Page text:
Pentagon: Securing N. Korean Nukes Would Require Land Attack Assessment Says Country Could Use Biological or Chemical Weapons

By Lamothe, Dan; Carol Morello Washington Post | The Spokesman-Review (Spokane, WA), November 6, 2017 | Go to article overview

Pentagon: Securing N. Korean Nukes Would Require Land Attack Assessment Says Country Could Use Biological or Chemical Weapons


Lamothe, Dan, Carol Morello Washington Post, The Spokesman-Review (Spokane, WA)


The only way to locate and secure all of North Korea's nuclear weapons sites "with complete certainty" is through an invasion of U.S. ground forces, and in the event of conflict, Pyongyang could use biological and chemical weapons, the Pentagon told lawmakers in a new, blunt assessment of what war on the Korean Peninsula might look like.

The Pentagon, in a letter to lawmakers, said that a full discussion of U.S. capabilities to "counter North Korea's ability to respond with a nuclear weapon and to eliminate North Korea's nuclear weapons located in deeply buried, underground facilities" is best suited for a classified briefing.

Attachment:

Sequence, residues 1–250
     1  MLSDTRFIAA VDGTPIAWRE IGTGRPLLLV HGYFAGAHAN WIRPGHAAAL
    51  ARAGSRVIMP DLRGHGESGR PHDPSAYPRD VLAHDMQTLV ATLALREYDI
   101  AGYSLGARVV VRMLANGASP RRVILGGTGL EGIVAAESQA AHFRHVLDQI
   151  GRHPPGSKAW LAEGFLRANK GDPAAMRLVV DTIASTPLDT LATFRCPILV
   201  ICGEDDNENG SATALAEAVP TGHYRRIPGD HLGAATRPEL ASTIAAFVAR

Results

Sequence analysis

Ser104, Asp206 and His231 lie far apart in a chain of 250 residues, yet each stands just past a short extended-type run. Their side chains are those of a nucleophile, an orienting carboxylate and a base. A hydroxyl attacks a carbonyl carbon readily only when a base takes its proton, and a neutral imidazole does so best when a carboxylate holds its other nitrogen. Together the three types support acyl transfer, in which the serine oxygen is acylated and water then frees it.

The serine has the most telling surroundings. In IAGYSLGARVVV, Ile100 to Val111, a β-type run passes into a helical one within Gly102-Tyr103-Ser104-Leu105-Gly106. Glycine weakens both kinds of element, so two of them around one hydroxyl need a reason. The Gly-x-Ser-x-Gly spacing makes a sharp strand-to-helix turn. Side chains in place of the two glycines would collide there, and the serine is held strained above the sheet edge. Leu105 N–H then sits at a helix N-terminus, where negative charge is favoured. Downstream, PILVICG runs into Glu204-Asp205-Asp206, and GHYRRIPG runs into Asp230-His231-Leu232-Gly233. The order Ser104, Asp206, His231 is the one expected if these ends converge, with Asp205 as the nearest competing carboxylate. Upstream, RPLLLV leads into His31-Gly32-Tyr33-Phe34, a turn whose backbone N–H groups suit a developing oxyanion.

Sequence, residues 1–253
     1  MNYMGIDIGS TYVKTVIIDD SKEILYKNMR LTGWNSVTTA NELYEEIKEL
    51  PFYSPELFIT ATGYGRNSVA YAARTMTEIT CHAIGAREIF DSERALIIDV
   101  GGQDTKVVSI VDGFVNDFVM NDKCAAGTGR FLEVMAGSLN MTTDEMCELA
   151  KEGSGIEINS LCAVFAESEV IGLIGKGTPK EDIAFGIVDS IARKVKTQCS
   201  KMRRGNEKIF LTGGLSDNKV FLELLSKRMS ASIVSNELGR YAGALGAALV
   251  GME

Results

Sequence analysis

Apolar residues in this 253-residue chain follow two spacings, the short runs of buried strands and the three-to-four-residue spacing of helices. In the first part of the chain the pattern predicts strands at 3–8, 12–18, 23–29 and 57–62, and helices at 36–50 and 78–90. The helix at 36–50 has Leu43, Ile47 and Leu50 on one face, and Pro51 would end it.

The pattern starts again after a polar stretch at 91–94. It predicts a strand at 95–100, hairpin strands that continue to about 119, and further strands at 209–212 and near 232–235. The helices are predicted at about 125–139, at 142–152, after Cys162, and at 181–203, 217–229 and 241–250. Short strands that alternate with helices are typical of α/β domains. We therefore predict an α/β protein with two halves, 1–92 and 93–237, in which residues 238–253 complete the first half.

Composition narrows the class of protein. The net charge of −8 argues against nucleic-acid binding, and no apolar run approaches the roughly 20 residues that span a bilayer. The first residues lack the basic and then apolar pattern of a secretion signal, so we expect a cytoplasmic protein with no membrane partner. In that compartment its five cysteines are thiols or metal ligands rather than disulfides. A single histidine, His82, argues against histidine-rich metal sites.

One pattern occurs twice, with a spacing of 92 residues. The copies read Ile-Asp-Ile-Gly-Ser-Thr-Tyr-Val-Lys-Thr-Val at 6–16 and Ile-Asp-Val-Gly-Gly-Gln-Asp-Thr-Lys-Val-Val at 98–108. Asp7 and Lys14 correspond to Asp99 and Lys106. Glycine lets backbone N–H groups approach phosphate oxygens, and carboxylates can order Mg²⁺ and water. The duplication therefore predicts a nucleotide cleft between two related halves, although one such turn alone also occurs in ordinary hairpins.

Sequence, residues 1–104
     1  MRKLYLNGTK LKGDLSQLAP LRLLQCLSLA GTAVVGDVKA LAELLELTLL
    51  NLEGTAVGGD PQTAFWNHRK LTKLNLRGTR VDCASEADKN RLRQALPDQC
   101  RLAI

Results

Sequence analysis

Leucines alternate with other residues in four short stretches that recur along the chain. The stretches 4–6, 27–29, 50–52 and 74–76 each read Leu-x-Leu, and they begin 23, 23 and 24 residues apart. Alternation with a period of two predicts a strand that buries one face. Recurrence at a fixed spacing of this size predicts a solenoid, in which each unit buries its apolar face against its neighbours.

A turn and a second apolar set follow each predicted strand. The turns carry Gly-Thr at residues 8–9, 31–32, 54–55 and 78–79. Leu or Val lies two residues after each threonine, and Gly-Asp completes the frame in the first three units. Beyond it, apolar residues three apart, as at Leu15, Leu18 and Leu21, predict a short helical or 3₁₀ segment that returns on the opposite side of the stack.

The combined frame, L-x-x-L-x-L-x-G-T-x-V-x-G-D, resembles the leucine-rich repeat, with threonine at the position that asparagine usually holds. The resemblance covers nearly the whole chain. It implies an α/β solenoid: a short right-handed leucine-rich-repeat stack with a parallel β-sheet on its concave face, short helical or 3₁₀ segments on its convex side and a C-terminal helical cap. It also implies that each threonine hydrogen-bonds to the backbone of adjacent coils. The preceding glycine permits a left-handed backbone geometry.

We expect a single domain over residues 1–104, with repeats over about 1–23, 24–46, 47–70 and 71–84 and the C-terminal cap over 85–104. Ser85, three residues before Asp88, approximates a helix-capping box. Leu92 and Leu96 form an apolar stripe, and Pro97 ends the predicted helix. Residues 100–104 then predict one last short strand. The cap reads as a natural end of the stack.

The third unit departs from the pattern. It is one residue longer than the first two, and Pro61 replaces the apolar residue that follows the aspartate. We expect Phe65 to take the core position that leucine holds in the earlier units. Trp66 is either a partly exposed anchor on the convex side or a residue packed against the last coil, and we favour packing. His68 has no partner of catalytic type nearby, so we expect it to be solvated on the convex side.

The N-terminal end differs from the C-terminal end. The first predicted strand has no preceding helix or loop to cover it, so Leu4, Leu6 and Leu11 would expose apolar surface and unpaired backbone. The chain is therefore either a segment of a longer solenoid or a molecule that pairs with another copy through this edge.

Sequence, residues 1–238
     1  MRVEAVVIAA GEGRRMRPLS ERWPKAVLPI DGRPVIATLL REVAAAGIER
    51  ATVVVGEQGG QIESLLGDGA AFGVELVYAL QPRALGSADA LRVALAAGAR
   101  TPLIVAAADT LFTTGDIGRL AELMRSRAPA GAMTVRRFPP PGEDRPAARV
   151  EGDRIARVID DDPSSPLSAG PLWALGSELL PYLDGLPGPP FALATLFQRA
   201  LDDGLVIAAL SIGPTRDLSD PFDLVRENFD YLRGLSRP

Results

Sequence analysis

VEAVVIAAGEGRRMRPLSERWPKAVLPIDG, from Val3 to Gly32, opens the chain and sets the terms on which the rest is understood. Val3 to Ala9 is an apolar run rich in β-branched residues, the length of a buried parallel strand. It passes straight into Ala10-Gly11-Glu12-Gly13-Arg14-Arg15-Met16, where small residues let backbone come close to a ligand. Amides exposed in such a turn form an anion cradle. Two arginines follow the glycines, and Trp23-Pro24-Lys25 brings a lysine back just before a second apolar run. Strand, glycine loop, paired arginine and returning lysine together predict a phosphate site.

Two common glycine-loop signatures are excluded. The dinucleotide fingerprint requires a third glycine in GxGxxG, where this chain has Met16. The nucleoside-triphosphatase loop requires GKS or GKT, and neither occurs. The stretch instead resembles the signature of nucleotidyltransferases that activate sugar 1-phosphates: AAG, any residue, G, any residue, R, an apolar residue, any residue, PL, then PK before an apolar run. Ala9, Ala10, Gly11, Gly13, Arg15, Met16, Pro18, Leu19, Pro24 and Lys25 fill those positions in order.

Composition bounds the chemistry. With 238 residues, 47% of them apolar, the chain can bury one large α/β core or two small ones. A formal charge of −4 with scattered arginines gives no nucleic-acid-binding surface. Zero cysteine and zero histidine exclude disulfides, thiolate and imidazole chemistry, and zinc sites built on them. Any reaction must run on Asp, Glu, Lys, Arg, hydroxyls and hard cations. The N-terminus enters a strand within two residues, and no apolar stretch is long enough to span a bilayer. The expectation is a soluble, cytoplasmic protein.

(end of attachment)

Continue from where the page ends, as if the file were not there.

The letter also said that Pentagon leaders "assess that North Korea may consider the use of biological weapons" and that the country "has a long-standing chemical weapons program with the capability to produce nerve, blister, blood and choking agents."

The letter was written by Rear Adm. Michael Dumont, the vice director of the Pentagon's Joint Staff, in response to a request for information from two House members about "expected casualty assessments in a conflict with North Korea," including for civilians and U.S. and allied forces in South Korea, Japan and Guam.

"A decision to attack or invade another country will have ramifications for our troops and taxpayers, as well as the region, for decades," Ted Lieu, D-Calif., and Ruben Gallego, D-Ariz., wrote to the Pentagon. "We have not heard detailed analysis of expected U.S. or allied force casualties, expected civilian casualties, what plans exist for the aftermath of a strike - including continuity of the South Korean Government."

The Pentagon said that calculating "best- or worst-case casualty scenarios" was challenging and would depend on the "nature, intensity and duration" of a North Korean attack; how much warning civilians would have to get to the thousands of shelters in South Korea; and the ability of U. …

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